Try to validate any information you retrieve before you send that data to a server. This reduces strain on the remote server, because it does not handle as many requests when users do not fill in required fields. You should never solely rely on client-side validation in any application, so there must also be server-side validation.

Even if you build a simple registration or login form, check that the user has entered his or her name and password. Perform this validation before sending the request to the remote server-side script and waiting for a result. Do not rely only on server-side validation. If a user enters only a user name, the server-side script has to receive the request, validate the data being sent, and return an error message to the Flash application, stating that it requires both the user name and password. Likewise, if validation is performed only on the client side (within the SWF file), it might be possible for a user to hack the SWF file and manage to bypass the validation, and send data to your server in an attempt to post the bad data.

Client-side validation can be as simple as making sure that a form field has a length of at least one character, or that the user entered a numeric value and not a string. If you try to validate an e-mail address, for example, check that the text field in Flash isn’t empty and contains at least the at sign (@) and dot (.) characters. For the server-side validation, add more complex validation and check that the e-mail address belongs to a valid domain.

You must write ActionScript code to handle the data that loads into the SWF file from the server. After you finish loading data into a SWF file, the data can be accessed from that location. It’s important to use ActionScript to check whether the data has been fully loaded. You can use callback functionsor listeners to send a signal that the data has been loaded into the document.

When you load data, it can be formatted in several ways. You might load XML, and in this case, you must use the XML class methods and properties to parse the data and use it. If you use name-value pairs, the pairs turn into variables and you can manipulate them as variables.

You might receive data from a web service or from Flash Remoting. In both cases, you could receive complex data structures, such as arrays, objects, or record sets, which you must parse and bind appropriately.

Using Error Handling and Debugging

An important part of application development is expecting and handling errors. No matter how simple your application might seem, there are always users who manage to enter data or interact with the SWF file in an unexpected way. Your application needs to be robust enough that it can anticipate certain errors and handle them accordingly.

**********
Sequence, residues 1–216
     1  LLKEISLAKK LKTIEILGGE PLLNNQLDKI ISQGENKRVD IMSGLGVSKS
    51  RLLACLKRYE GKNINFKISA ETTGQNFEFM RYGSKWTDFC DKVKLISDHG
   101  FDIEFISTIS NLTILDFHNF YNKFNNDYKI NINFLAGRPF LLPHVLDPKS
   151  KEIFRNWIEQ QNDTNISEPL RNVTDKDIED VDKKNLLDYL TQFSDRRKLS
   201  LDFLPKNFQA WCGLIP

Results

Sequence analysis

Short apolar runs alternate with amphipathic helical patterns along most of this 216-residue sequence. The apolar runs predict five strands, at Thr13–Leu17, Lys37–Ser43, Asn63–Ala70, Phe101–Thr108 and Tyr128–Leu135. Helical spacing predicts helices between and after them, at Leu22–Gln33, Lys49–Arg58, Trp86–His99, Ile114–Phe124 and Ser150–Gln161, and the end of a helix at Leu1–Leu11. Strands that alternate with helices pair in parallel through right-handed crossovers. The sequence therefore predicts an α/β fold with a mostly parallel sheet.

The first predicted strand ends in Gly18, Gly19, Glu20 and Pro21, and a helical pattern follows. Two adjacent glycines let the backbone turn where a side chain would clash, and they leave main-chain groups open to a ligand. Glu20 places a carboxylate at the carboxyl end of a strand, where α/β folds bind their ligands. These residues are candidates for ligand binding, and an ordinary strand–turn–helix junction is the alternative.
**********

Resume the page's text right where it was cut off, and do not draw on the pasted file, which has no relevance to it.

For example, if you expect users to enter a numeric value into a text field, check that the value is numeric before you try and store or manipulate the value using code. If the value is not numeric, it is likely that the code will fail or return an unexpected result because the application cannot handle this result. Even if the user enters the data in the proper data type, you might have to validate that the data is usable before processing it. For example, if you did not check the validity of an integer before trying to perform a mathematical function, you might discover that your code fails when you try to divide a number by zero, which returns the numerical constant Infinity.

One of the best ways to perform error handling in Flash 8 to use the try-catch-finally blocks that let you throw and catch custom errors. By creating custom error classes, you can reuse code throughout your application without having to rewrite error handling code.

Organizing Files and Storing Code

After you decide on a protocol for transferring data, you must consider how to organize your SWF files, their assets, and ActionScript. How you organize and execute your application depends greatly on its design, size, and requirements. There are guidelines to help your overall success. The following are some of the primary things you must consider before you start:

  • Do you divide the SWF file into multiple SWF files, and, if so, how should they interact?
  • What assets can you share across SWF files?
  • What files do you dynamically load?
  • How and where do you store ActionScript?

When you develop an application, try to store your server-side code and files in a logical directory structure, similar to those in an ActionScript 2.0 package. Try to arrange your code this way to keep it well organized and reduce the risk of the code being overwritten. For larger applications, encapsulate client-server communication and services in classes.

When you use classes, you benefit in the following ways:

  • You can reuse the code in more than one SWF file.
  • You can edit code in a central place, and update all SWF files by republishing them.
  • You can create a single API that can manipulate different user interface elements or other assets that perform similar functions.

Using the MVC Design Pattern

Many Flash developers implement the MVC (model, view, controller) design pattern when they build applications to separate the logic and data of the application from the user interface. This section defines how the design pattern works, and provides an overview of how and why you might use it for your Flash applications.